Each move, every burst of energy, adds layer upon layer to create fights that visually look like they are directly from the show. The issue is, unlike watching the fights on the TV, when the screen gets filled players still have to react. The screen gets extremely busy at times making it hard to follows characters around the screen and this can put those new to the game off. This hampers the accessibility of the game whilst the control scheme feels like it has been purposely designed to welcome in players. The busy feel is reminiscent of the show but players will have to get used to it all being on the screen at once before they can start to truly compete.
A practice mode is included to help those new to fighting games pick up the basics. These tutorials will let players try out what is different about Dragon Ball FighterZ from other games in the genre, but is more aimed towards brand new players. Past the basics, players are to some extent left up to themselves to learn and master the nuances. This boils down to the game being easy to pick up and play but hard to master.
Making the game hard to master is the way the gameplay revolves around timing. Pushing the attack, chaining combos together can prove to decimate an opponent’s health bar. As a result, mastering the timings to move and get in a counter, as with any good fighting game, is critical for advancing above amateur level. It’ll be interesting to see given the aggressiveness of the gameplay how the meta is tweaked and changed as players become better at timing.
Outside the different modes available, there’s that story mode that players can enjoy. There are a total of three arcs available where players can see some sort of a unique storyline taking place in the world of Dragon Ball. Storywise, it’s not that groundbreaking but fans of the series will be able to enjoy seeing their favorite characters in an awesome cutscenes. Without spoiling much of the story, clones have been spreading havoc around the world and it’s up to Goku and others to stop them. Progression of the story is done through a grid like structure where there will always be a boss waiting in the end. Strategic planning is required as there are many paths that you can take before you can reach the boss at the end.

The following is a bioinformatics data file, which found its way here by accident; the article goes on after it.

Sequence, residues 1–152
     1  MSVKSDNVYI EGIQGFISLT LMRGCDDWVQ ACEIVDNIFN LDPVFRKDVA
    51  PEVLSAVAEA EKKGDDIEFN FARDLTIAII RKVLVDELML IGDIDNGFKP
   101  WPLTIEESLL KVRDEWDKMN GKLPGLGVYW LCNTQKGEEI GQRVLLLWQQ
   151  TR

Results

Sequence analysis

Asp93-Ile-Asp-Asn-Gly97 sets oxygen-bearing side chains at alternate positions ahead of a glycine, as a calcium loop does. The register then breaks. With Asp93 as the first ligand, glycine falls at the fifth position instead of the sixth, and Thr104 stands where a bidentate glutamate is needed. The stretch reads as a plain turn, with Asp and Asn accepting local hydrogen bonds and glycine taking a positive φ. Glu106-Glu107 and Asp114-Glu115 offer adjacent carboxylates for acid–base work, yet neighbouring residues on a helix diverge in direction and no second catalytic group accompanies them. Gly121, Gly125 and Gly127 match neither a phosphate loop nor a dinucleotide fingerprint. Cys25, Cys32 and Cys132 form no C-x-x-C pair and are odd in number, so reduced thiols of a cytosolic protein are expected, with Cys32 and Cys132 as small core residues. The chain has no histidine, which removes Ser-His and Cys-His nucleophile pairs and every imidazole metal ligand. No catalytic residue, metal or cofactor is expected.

The online hub is an interesting way of doing a matchmaking lobby system. Once you’ve joined a server your avatar, anyone from Cell to Goku, is dropped into a small level. This Chibi styled avatar can walk around, interact with other players or initiate features. This can make waiting for a match a little more entertaining but the novelty will most probably wear off after the first few weeks, and additional unlockable avatars are tied into a randomized loot crate system. This hub is where players can access the great replay area. This is where a player can go to see the best fights replayed with the button presses and combinations being utilized by the competitors. Not only does it look awesome to watch, but you can learn a trick or two.
Unfortunately, with fighting games making a massive push towards teaching newcomers how to play, Dragon Ball FighterZ does little to assist. Some features, such as replay, make it easier to understand the timing, with more enjoyment coming from watching than anything learned. That being said, the graphics are stunning and captures the show’s iconic shonen style perfectly. Sadly, this can be, at times, distracting, due to the effects or combos. If these are not a concern for you, Dragon Ball FighterZ is an excellent choice, but I think I’m going back to just watching the show.
[Editor’s Note: Dragon Ball FighterZ was played on PC, PlayStation 4 and Xbox One. The game was provided to us by Bandai Namco for review purposes.]